(alkaloids, etc.) are preferred if a quick systemic action is desired, whilst 
the galenic preparations (extracts, tinctures, pills, etc.) are used for 
local effect. In case a crude drug contains several active ingredients, 
the employment of the isolated constituents will give more definite results. 
On the intact skin, absorbable oils facilitate the absorption of other sub- 
stances dissolved in them; alcohol usually has a similar favorable effect in 
the stomach. 

Fuller's Earth on Alkaloids. Fuller's earth (hydrous aluminum silicate) has a 
high adsorbing power, especially for alkaloids varying, however, in degree with differ- 
ent samples. (Lloyd, 1916.) The proprietary brand "Alkresta" is being especially 
investigated. McGuigan, 1914, found that this mixture with strychnin is insoluble in 
acid fluids, and develops the bitter taste quite slowly; and that it delays and dimin- 
ishes the tetanic action in frogs. Fantus, 1915, finds that the combination is not dissolved 
in the stomach, but dissociates gradually in the intestines. He also investigated the 
suitability of the earth as alkaloidal antidote, and found it very limited. It is somewhat 
improved by the addition of tartaric acid or acid sodium phosphate; it is highest 
against mprphin, cocain, nicotin and ipecac; and least efficient against strychnin, aconitin 
and colchicin. The effects of Kaolin and related substances were also investigated by 
Friedberger and Tsuneoka, 1913. 

Sabbatani, 1913, found considerable antagonism between strychnin and colloidal 
carbon (caramel) when mixed in vitro. The intravenous injection of the carbon also 
furnished some protection against the oral administration of strychnin; but this was too 
uncertain for practical application. 


v. Paulucci, 1915, showed that fatty substances (including petrolatum) diminish 
the toxicity of strychnin, both hypodermically and with direct application to the nerve 

Concentration. The absorption varies generally in the same direc- 
tion as the concentration, especially for hypodermic injections; but the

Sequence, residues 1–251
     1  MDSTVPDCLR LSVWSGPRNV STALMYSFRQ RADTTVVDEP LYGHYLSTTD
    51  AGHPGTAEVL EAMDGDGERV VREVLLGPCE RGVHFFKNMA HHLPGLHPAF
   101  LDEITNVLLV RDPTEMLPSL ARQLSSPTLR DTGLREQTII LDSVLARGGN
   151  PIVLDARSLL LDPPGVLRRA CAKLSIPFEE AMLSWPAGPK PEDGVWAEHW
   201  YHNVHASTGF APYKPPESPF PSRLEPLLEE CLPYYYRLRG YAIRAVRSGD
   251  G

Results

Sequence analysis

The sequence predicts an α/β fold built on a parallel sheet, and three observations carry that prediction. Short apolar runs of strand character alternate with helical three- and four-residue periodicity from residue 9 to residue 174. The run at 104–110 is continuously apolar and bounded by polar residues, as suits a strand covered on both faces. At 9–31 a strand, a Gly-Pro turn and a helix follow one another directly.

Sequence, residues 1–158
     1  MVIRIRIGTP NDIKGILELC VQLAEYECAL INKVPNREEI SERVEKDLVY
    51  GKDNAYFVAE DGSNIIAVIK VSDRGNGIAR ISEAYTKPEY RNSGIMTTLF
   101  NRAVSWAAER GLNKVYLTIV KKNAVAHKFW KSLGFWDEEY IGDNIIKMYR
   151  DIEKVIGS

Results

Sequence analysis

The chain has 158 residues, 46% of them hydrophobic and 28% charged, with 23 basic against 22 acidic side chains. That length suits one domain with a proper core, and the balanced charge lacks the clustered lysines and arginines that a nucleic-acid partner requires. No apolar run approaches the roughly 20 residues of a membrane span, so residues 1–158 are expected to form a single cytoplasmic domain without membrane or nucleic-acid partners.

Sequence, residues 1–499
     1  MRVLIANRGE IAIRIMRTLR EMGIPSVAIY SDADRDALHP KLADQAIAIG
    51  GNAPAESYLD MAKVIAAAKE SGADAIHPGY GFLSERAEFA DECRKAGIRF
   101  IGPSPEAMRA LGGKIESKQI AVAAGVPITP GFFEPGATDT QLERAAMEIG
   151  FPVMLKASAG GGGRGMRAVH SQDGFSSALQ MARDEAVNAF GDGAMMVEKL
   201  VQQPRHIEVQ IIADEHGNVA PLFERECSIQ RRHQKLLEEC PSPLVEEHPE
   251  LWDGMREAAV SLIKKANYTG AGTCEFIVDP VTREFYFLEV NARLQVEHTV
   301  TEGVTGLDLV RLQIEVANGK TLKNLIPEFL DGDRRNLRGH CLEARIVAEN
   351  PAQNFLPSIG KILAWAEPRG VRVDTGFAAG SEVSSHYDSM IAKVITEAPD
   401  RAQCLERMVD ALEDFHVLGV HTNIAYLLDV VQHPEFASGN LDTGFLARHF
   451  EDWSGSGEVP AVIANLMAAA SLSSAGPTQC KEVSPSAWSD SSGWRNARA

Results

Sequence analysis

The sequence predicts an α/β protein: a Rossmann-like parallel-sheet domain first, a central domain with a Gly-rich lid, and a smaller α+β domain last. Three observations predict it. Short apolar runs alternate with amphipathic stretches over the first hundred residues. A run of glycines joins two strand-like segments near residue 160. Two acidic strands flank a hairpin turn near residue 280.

relation is not a simple one. Absorption tends also to increase with the 
extent of absorbing surface (e.g., by making multiple hypodermic injections). 
This seems to be less important in the intestines (Sollmann and Hanzlik, 

Changes of the Absorbing Cell. In the alimentary canal, injury to the absorbing 
cell may either facilitate or hinder absorption; astringents tend to have the latter effect, 
corrosives and simple irritants the former. 

Sollmann and Hanzlik have found that phenol, alcohol, iodid, and probably other 
substances tend to inhibit their own absorption; so that the absorption, at first very 
rapid, is promptly slowed. 

Circulation. The rapidity of absorption is proportional to the ra- 
pidity with which the drug is removed; just as a burning lamp- wick absorbs 
the oil more quickly (Mialhe). It therefore increases with the rapidity 
of the circulation and of the lymph flow. Active hyperemia (hot air; 
Klapp, 1901) and hemorrhage hasten absorption; while it is delayed by 
venous stasis, passive congestion, deficient heart action, vasoconstriction, 
catarrh, etc. Increase of lymph flow, by moderate distention and massage 
also quickens absorption. Excessive distention diminishes absorption by 
slowing the local lymph flow (Hamburger, 1907). 

Absorption in Absence of Circulation. Considerable absorption occurs when the 
circulation has stopped. Thus, strychnin and morphin are absorbed by frogs with 
ligated hearts, producing interesting modifications in their actions (Meltzer, 1911- 
1913). Abel, 1912, and Abel and Turner, 1914, believed that the solutions in cardiec-